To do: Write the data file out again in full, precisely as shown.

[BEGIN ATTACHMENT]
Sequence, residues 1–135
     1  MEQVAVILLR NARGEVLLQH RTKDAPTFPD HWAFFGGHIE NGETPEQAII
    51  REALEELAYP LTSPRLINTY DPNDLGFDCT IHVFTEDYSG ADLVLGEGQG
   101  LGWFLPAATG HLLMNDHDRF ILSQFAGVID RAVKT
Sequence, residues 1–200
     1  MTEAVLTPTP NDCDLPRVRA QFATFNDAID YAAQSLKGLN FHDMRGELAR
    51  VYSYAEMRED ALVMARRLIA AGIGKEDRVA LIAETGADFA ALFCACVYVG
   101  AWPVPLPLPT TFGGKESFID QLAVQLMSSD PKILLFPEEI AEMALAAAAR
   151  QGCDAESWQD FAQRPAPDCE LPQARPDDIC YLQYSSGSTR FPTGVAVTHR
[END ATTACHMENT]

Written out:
Sequence, residues 1–135
     1  MEQVAVILLR NARGEVLLQH RTKDAPTFPD HWAFFGGHIE NGETPEQAII
    51  REALEELAYP LTSPRLINTY DPNDLGFDCT IHVFTEDYSG ADLVLGEGQG
   101  LGWFLPAATG HLLMNDHDRF ILSQFAGVID RAVKT
Sequence, residues 1–200
     1  MTEAVLTPTP NDCDLPRVRA QFATFNDAID YAAQSLKGLN FHDMRGELAR
    51  VYSYAEMRED ALVMARRLIA AGIGKEDRVA LIAETGADFA ALFCACVYVG
   101  AWPVPLPLPT TFGGKESFID QLAVQLMSSD PKILLFPEEI AEMALAAAAR
   151  QGCDAESWQD FAQRPAPDCE LPQARPDDIC YLQYSSGSTR FPTGVAVTHR